Discussion in 'Pesticide & Herbicide Application' started by Ric, Apr 20, 2003.

  1. Ric

    Ric LawnSite Fanatic
    Messages: 11,969


    In order to understand Nitrogen fertilizers a quick back ground on the Nitrogen Cycle is in order.

    Green is the major components of Nitrogen and where they exist in the environment.
    1. 70% of the air we breathe is Nitrogen
    2. Nitrogen is the component of Amino Acids.
    3. Amino Acids are the building blocks of DNA.
    4. DNA is the building blocks of protein.
    5. DNA and protein are the building blocks of all life Plant and Animal
    6. 10 ppm of nitrate in water makes it un drinkable..

    Blue is the way Nitrogen gets into the different components.
    1. Reduction is the process of taking on electrons in chemical terms.
    2. Redox Potential is the ability to receive those electrons

    Red is the way Nitrogen leaves the major components.
    1. Oxidation is the loss of electrons in chemical terms
    2. In order for Oxidation Reduction to occur Oxygen must be present and this is called an Aerobic reaction.
    3. A reaction with out the presents of Oxygen is called Anaerobic reaction.

    Now I am not a PhD or even an Agronomist. Therefore a full understanding of the Nitrogen Cycle is not necessary. I offer it only as a start to discussing Nitrogen Fertilizer. A simple knowledge of the Nitrogen Cycle will help us understand how our fertilizer works. I have been asked by members of this form to start this thread. PLEASE I NEED HELP. The only way it will work is with input from many others. I have tried to make the Nitrogen Cycle as simple as I could and I have and will make mistakes. Please feel free to correct me or help.

    If Nitrogen is successful then we will discuss Phosphorus and the Potassium etc.
  2. Ric

    Ric LawnSite Fanatic
    Messages: 11,969

    Nitrogen Cycle

    nitrogen cycle_0.gif
  3. pyrocare

    pyrocare LawnSite Member
    Messages: 96

    Nucleic Acids are building blocks of DNA
    Amino Acids are building blocks of Protein

    DNA holds all of the protein making information though for the RNA to come and copy to make more protein.
  4. Enviro Green

    Enviro Green LawnSite Senior Member
    Messages: 324


    I like your statement about

    I think a working understanding of N will be important, and probably most important to N management is the forms that N exists in, that is the primary NO3- ion, and how this interacts with the CEC and AEC in soils, and the need for exact nitrogen management in lawns to prevent run-ff and pollution. We can compare N to P as it is held by the soil particles, its availability, and solubility, and this will help all of us, including me, to better understand the management of N.

    I have been an agronomist for the past years and N management in crops is often the number one way to boost yields, so we know it must be crucial for excellent turf grass management as well. I hope to contribute and help with this thread, although much of my knowledge is biased in the way of row crops and forages, but I am happy to help.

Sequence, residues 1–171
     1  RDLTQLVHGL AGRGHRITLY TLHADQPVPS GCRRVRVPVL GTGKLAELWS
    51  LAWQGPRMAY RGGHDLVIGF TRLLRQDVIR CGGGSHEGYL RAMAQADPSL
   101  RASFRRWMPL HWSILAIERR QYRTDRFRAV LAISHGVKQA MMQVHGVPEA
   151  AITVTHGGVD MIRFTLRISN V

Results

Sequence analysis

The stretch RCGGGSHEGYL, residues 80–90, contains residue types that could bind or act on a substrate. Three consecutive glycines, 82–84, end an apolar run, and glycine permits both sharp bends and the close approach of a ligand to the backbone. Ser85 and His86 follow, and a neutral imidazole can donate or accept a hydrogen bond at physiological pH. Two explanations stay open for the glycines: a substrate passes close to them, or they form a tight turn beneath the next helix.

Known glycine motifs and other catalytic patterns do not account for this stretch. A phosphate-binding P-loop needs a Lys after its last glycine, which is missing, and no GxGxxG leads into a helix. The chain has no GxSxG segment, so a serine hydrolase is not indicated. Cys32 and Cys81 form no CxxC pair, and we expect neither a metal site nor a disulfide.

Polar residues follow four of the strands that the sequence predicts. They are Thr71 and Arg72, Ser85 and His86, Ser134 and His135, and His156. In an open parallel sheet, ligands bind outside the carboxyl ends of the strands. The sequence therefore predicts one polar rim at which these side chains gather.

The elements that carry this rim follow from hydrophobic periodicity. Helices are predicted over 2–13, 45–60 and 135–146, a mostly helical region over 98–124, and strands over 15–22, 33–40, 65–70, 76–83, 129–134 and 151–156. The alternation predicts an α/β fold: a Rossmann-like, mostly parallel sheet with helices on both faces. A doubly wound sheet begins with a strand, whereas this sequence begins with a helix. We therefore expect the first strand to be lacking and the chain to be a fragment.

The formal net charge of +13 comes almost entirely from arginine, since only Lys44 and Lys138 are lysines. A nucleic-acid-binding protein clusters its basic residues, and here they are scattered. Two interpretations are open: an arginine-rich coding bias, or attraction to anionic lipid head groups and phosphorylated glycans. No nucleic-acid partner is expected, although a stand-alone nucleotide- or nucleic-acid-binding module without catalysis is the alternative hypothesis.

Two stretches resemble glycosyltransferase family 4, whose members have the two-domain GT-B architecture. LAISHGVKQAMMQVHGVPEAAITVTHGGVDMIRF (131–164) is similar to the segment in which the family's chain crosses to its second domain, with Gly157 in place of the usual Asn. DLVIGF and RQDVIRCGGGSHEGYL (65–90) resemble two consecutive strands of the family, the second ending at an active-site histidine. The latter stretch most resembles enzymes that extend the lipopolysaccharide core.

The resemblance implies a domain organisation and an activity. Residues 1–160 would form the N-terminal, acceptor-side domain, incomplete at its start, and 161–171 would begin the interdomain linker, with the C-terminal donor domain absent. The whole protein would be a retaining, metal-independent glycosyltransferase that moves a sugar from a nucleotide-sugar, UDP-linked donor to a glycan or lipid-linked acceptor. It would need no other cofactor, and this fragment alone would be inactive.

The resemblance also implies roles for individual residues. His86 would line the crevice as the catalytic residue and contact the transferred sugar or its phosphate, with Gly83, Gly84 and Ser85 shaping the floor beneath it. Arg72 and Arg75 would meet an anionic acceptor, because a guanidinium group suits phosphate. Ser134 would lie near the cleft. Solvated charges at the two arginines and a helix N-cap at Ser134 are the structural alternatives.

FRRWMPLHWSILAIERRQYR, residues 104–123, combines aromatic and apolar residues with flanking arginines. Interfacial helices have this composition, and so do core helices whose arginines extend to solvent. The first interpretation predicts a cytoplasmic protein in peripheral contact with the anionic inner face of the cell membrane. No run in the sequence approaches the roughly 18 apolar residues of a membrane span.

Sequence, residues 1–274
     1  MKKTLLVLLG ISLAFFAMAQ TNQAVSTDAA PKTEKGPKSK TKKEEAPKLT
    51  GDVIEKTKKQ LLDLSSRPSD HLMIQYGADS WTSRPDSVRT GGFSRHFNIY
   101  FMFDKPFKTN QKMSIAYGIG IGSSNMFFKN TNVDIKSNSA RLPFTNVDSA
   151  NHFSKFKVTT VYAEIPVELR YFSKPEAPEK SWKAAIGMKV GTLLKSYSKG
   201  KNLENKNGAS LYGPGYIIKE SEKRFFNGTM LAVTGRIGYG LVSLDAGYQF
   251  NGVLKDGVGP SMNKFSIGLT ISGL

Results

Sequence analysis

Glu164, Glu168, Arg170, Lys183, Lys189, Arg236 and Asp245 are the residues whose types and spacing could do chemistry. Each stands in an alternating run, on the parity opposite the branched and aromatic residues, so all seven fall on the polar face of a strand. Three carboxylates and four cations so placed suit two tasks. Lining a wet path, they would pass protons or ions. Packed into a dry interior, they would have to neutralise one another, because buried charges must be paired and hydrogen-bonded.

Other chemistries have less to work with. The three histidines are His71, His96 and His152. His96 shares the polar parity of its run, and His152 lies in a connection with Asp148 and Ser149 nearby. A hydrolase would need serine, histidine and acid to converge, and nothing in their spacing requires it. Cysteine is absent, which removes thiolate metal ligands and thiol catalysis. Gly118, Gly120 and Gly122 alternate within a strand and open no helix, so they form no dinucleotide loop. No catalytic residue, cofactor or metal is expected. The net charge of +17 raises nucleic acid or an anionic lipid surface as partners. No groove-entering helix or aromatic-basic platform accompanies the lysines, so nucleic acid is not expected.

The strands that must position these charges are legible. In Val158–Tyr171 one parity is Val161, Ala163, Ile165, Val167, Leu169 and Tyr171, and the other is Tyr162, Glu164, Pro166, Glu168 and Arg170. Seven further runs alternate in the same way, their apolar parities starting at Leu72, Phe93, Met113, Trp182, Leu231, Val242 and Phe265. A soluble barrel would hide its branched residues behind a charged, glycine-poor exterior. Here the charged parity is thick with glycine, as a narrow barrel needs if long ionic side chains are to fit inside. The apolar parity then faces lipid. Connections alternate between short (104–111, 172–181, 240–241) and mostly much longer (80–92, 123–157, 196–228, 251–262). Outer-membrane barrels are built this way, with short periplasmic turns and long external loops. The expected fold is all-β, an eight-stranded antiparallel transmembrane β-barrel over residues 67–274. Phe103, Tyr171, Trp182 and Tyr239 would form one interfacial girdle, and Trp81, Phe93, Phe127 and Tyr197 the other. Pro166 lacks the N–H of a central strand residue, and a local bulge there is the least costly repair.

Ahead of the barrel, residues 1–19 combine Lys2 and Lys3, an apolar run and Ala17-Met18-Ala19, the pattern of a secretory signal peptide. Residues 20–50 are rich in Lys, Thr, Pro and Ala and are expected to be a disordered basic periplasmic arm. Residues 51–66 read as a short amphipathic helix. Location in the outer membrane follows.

Let's get it on...

  5. Ric

    Ric LawnSite Fanatic
    Messages: 11,969

    Enviro Green

    Ok Lets get it on. But let us keep it simple and then build.

    70% of the air we breath is N. Lightning is an oxidizer. Therefore a Thunder storm will oxidize N and rain will have a small % of N in it.

    What are some other ways N gets to our plants from the air???

    Fertilizer is the last thing we will talk about in the Nitrogen cycle.


    Thanks for the first of many corrections.
  6. Enviro Green

    Enviro Green LawnSite Senior Member
    Messages: 324

    Big One: Nitrogen Fixation by legumes, possibly over 100 lbs/A from clover. Or, I mean 2.32 lbs per K.

    A thunderstorm can produce about 0.4 lbs N per K as well, but is usually less. Does that sound right Ric? That's why things often seem green just after a thunderstorm I think.

  7. Ric

    Ric LawnSite Fanatic
    Messages: 11,969

    Enviro Green

    As far as thunderstorms go the only data I have heard of claims New England gets about 0.5 lb N per K per year. The prof who gave this data said a good study for a Masters degree would be to do this in Florida. Florida is the Lightning capital of the USA.

    Nitrogen Fixation by legumes is one of the big N sources. As a kid I lived in Penna. and my daddy planted Clover to help keep the lawn green. Do people still do this??? What is a legume and how does it make N ????
  8. Thats basic stuff in grade 10 acedemic secience. i never thought what I learned at school would help me in my biz except for auto, math and accounting
  9. George777

    George777 LawnSite Senior Member
    from Alabama
    Messages: 305

    Legumes are noted for the relatively high protein content of their seed and high nitrogen concentration of vegetative parts. Apart from their distinguishing flower characteristics, legumes are also noted for their capacity to live symbiotically with bacteria in their roots, resulting in the fixation of atmospheric nitrogen by the Rhizobia for the plant use.
  10. Ric

    Ric LawnSite Fanatic
    Messages: 11,969


    I think we are still at the 8th grade level. however hold your hat because with a little help we will get to Nitrifiction, Nitrosomonas, and Nitrobacter. And a whole bunch of other words you never heard of in high school.

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